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Burma (Franco-American War)

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Republic of Burma
မြန်မာ့အသံ သမ္မတနိုင်ငံ
Timeline: Franco-American War
Flag of Burma (1948-1974) WikiProject Burma (Myanmar) peacock
Flag Coat of Arms
Anthem "ကမ္ဘာမကျေ"
Capital
(and largest city)
Rangoon
Other cities Mandalay, Mawlamyine
Language Burmese
Religion
  main
 
Buddhism
  others Protestantism, Burmese folk religion
Demonym Burmese
Government Republic
Internet TLD .bm
Organizations League of Nations

The Republic of Burma (မြန်မာ့အသံ သမ္မတနိုင်ငံ) is a sovereign state n southeastern Asia. It is the only state in all of Indochina which doesn't have monarch. Burma borders Thailand, Laos, China, and India.

History

Early history

Around the second century BC the first-known city-states emerged in central Burma. The city states were founded as a part of the southward migration from the Tibeto-Burman speaking Pyu city states. The earliest inhabitants of what is modern-day Burma lived in modern-day Yunnan. The culture of ancient Burma was heavily influenced by trade with and migration by Indians; similar to those of the other modern-day Indochinese city-states. In the mid-to-late 9th century the Bamar people founded a small settlement at Bagan. This would later grow to become the first major Burmese empire. Bagan gradually grew to absorb its surrounding states until the 1050s–1060s when Anawrahta founded the Pagan Kingdom, the first ever unification of what is now modern-day Burma. In the 12th and 13th centuries, the Pagan Empire and the Khmer Empire were the two main powers in southeast Asia. Repeated Mongol attacks caused the Pagan Kingdom to collapse.

Imperial Burma & Colonization

MysticalMraukU

Temples at Mrauk U.

Map of Taungoo Empire (1580)

Taungoo in 1580

Pagan's collapse was followed by 250 years of political fragmentation that lasted well into the 16th century. Numerous city-states were founded, referred to simply as the Shan states. These states came to dominate the entire northwestern to eastern arc surrounding the Irrawaddy valley. In the late 1300s, two sizable powers, the Ava Kingdom and the Hanthawaddy Kingdom, emerged. In the west, a politically fragmented Arakan was under competing influences from its stronger neighbors until the Kingdom of Mrauk U came to dominate the Arakan coastline. Early on, Ava fought wars of unification, but could never quite reassemble the fallen empire. This caused Ava to greatly weaken; the empire finally fell when the Confederation of Shan States conquered Ava. Like the Pagan Empire, Ava, Hanthawaddy and the Shan states were all multi-ethnic polities. Despite the wars, the nations were all culturally synchronized. Many of the great temples of Mrauk U were built during this period. Political unification returned in the mid-16th century, due to the efforts of Taungoo, a former vassal state of Ava. Taungoo's ambitious king Bayinnaung conquered most of mainland southeast Asia, spanning from parts of India to Thailand. However, after Bayinnaung's death, Tanguoo fell, most of it being conquered by the Thai Ayutthaya Kingdom. The dynasty regrouped and defeated the Portuguese in 1613 and Siam in 1614, creating a smaller, more manageable, Burmese state. Its trade and secular administrative reforms built a prosperous economy for more than 80 years, though the kingdom would eventually be damaged by repeated Meithei raids. Burma and Thailand went to war from the late 1700s until 1855, but all resulted in a stalemate, exchanging Tenasserim to Burma and Lan Na to Thailand. During this minor war, King Bodawpaya turned west, acquiring Arakan, Manipur, and Assam. This empire was short-lived however; the United Kingdom conquered all of the newly acquired territories. In 1886, all of Burma was annexed by the United Kingdom. Burmese resentment was strong and was vented in violent riots that hit Rangoon all the way until the 1930s. U Wisara, an activist monk, died in prison after a 166-day hunger strike to protest against a rule that forbade him from wearing his Buddhist robes while imprisoned. Burma was a major battleground in the Pacific War, being annexed by the Japanese as a puppet state; the State of Burma.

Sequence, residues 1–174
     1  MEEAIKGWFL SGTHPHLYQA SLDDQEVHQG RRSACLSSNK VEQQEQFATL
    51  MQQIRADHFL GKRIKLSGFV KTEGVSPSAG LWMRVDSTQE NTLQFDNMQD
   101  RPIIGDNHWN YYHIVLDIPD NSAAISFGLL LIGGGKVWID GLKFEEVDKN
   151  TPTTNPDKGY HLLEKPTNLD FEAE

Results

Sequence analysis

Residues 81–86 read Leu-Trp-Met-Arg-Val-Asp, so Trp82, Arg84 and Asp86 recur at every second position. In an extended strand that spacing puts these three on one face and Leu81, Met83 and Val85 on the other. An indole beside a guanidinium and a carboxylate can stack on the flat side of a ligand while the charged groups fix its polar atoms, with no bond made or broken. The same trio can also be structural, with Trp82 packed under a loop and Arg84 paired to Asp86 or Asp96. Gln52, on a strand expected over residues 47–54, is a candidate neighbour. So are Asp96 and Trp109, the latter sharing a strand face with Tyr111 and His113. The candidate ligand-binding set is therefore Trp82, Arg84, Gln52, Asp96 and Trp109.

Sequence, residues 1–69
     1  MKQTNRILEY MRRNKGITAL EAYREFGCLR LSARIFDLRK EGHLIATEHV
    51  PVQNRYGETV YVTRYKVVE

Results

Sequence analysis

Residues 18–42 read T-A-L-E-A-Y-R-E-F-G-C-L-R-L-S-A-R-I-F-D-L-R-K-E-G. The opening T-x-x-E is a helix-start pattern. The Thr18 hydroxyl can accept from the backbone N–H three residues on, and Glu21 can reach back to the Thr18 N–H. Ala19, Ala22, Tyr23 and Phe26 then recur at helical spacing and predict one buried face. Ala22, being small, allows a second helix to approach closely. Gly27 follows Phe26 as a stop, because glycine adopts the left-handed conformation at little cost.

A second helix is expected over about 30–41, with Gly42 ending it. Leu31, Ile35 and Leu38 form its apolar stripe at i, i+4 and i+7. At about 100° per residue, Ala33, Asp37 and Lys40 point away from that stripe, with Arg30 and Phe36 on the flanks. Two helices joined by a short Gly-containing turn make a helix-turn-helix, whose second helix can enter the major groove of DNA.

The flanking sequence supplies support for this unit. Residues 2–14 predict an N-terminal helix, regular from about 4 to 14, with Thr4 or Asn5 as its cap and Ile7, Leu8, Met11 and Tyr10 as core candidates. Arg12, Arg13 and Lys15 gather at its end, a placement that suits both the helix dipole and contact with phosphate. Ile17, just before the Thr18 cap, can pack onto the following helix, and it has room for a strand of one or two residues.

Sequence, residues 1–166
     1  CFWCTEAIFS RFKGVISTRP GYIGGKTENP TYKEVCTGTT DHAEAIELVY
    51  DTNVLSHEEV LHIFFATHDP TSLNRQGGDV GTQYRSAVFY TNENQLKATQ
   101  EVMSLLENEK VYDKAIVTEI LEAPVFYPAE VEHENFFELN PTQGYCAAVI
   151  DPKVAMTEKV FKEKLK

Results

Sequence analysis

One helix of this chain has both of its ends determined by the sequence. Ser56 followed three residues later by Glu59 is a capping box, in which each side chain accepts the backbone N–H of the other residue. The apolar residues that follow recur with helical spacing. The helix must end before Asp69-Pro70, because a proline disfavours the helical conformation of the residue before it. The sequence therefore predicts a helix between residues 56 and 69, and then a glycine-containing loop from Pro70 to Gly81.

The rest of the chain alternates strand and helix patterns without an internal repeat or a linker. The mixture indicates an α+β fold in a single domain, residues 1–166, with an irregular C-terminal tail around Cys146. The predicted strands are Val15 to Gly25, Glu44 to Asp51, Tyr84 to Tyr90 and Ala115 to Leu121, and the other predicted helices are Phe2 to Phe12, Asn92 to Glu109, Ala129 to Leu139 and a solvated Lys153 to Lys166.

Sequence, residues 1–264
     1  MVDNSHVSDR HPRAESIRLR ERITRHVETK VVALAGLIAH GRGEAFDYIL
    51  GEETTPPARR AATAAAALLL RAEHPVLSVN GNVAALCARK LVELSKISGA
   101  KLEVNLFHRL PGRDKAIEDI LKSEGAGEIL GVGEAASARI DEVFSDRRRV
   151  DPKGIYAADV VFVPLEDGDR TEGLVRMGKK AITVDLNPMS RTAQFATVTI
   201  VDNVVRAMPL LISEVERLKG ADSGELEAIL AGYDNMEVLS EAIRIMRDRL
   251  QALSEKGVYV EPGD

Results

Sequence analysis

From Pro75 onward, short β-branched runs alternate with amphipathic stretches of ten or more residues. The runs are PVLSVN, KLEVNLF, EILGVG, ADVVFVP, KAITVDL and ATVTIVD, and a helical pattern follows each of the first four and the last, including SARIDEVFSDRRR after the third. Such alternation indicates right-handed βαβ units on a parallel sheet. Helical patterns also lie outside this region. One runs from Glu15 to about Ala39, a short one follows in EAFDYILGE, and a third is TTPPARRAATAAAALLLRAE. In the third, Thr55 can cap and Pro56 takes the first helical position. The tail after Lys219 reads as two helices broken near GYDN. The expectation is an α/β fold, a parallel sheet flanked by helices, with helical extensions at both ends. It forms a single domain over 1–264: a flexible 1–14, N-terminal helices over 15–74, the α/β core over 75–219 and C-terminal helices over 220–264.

To read about the State of Burma, click here.

Modern Burma

Despite fighting in the Indochina War; Burma never received sovereignty like its neighbors to the east did. Instead, the Burmese people had to wait until the Japanese Imperial War to win independence, along with neighbor India. Burma is now a rich, stable democracy in Indochina, a complete opposite of our world's Burma. It benefits from its strategic location near the Bay of Bengal, allowing trade with India, Ceylon, and states as far west as Ethiopia and Egypt. The former occupation has created a harsh relationship with Japan, however, and has supported the side opposing the Japanese side in all international issues involving them, and to a lesser extent, the United Kingdom; for example, Burma recognizes Ireland as an independent state and Chinese sovereignty over the territory annexed by Japan during the Pacific War.

Demographics

Ethnic groups

Number Group
1 Bamar
2 Shan
3 Kayin
4 Rakhine
5 Chinese

Religion

Number Group
1 Buddhism
2 Protestantism
3 Sunni Islam
4 Shiite Islam
5 Hinduism

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